The elephant in everybody's room has the same color: the color of debt. The 2007-2009 financial crisis was caused by it, but the response -- record-low interest rates and financial repression -- has only fattened the debt elephant even more.

In advanced economies, the average level of public debt has increased from around 70% of gross domestic product before the crisis to almost 110% last year, according to data from the International Monetary Fund (IMF). The situation is so bad that even a mild recession could trigger a big shock.

The downgrade by Moody's of China's sovereign credit rating one notch to A1 from Aa3 illustrates the increasing unease among experts at the pace of growth of debt in the world's second-largest economy.

Investors in fixed income have enjoyed big returns thanks to central banks; they have pushed yields, which move inversely to bond prices, to historic lows by buying sovereign and corporate bonds in their attempt to stop deflationary trends in some areas of the major economies.

But as that tactic is nearing the end -- even central banks cannot buy the whole of a country's debt -- investors should prepare for other ways in which sovereigns will try to cope with their increased debt burdens. One of these, which is under discussion more and more -- mainly in expert circles, at least for now -- is the GDP-linked bond.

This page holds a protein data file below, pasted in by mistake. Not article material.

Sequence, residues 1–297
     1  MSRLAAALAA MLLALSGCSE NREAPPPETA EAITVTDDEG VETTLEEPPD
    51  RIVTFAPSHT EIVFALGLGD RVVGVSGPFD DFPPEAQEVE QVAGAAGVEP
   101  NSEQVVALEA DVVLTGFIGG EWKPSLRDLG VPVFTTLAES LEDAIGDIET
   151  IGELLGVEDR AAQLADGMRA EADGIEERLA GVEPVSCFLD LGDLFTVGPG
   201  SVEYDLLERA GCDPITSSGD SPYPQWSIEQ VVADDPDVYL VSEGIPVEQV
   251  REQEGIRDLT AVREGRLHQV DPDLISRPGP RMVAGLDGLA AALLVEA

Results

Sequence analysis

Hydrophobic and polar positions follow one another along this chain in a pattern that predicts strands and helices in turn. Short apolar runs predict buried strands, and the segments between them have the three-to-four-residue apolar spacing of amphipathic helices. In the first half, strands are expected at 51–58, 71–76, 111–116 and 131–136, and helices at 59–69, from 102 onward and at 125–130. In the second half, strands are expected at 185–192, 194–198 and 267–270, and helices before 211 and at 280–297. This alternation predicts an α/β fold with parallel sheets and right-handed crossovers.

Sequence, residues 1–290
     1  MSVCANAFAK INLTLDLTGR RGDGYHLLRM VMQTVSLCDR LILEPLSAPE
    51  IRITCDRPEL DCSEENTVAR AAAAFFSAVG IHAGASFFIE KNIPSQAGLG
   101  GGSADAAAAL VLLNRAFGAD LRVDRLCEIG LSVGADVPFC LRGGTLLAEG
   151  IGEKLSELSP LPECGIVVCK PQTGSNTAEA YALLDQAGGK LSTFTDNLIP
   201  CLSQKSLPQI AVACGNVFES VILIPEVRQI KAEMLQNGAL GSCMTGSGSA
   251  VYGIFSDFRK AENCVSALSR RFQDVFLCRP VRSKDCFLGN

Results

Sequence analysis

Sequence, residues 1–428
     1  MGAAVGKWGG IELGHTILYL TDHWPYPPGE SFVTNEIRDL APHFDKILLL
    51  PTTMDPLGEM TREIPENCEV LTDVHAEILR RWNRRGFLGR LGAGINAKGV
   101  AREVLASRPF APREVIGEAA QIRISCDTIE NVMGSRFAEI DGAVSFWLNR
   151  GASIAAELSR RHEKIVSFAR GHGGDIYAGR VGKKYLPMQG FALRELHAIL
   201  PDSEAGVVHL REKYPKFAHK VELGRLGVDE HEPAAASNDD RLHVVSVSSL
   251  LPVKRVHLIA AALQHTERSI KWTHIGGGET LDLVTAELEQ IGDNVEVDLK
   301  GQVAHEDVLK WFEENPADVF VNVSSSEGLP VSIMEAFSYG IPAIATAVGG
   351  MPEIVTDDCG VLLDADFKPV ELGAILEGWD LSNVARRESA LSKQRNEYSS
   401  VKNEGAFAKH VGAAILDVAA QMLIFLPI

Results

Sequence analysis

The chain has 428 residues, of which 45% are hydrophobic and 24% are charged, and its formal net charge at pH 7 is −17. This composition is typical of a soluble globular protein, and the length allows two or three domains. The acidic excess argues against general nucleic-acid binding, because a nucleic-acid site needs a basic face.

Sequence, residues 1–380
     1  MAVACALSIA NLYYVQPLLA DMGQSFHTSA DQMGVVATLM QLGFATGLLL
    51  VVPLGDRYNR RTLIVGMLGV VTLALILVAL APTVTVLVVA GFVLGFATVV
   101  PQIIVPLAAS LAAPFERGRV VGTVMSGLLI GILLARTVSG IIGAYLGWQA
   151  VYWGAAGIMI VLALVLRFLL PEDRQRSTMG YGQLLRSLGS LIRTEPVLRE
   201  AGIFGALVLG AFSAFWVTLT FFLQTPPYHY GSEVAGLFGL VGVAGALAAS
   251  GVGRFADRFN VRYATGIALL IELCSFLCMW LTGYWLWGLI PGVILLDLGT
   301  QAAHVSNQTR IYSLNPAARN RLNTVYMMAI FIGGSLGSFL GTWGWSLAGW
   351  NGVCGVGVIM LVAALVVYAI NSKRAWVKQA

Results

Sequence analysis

There are very few real-life examples of such bonds. Some have been issued by countries dealing with debt problems; Greece, for instance, issued a kind of GDP-linked debt instrument during its restructuring of debt in 2012. A workshop in November 2015 at the Bank of England discussed, among other things, "why these instruments do not exist already".

Image placeholder title

GDP-linked bonds work on the same principle as inflation-linked bonds. In one hypothetical example, the principal payment is indexed to the level of nominal GDP, thus giving investors in effect an "equity stake" in the country. Because the coupon payment is fixed as a percentage of the principal, the coupon is also linked to GDP.

(Curious investors can read more about how they work in this term sheet for a fictitious country's GDP-linked bond, published by the Bank of England in March.)

For the issuer, GDP-linked bonds help to contain the debt burden, because, as the IMF economist Alex Pienkowski explained in a recently published working paper, they "adjust in value in the face of shocks to output, helping to stabilize the debt-to-GDP ratio." In other words, the deeper the recession, the smaller (or nonexistent) the payout. The faster the expansion, the bigger the coupon investors get.

Pienkowski developed a model that shows that these bonds raise the percentage of debt to GDP that advanced and emerging economies can take on before they are in danger of defaulting. In a world where many countries are fast approaching -- or have even exceeded -- that limit, these bonds could help unlock further economic growth.

In Pienkowski's model, the debt limit beyond which default risks occur is 137% of GDP for advanced economies and 98% for emerging markets, assuming that the debt is 100% denominated in local currency. If 20% of that debt were to consist of GDP-linked bonds, the default risk limit would rise to 152% of GDP for advanced economies' debt and to 106% for emerging markets.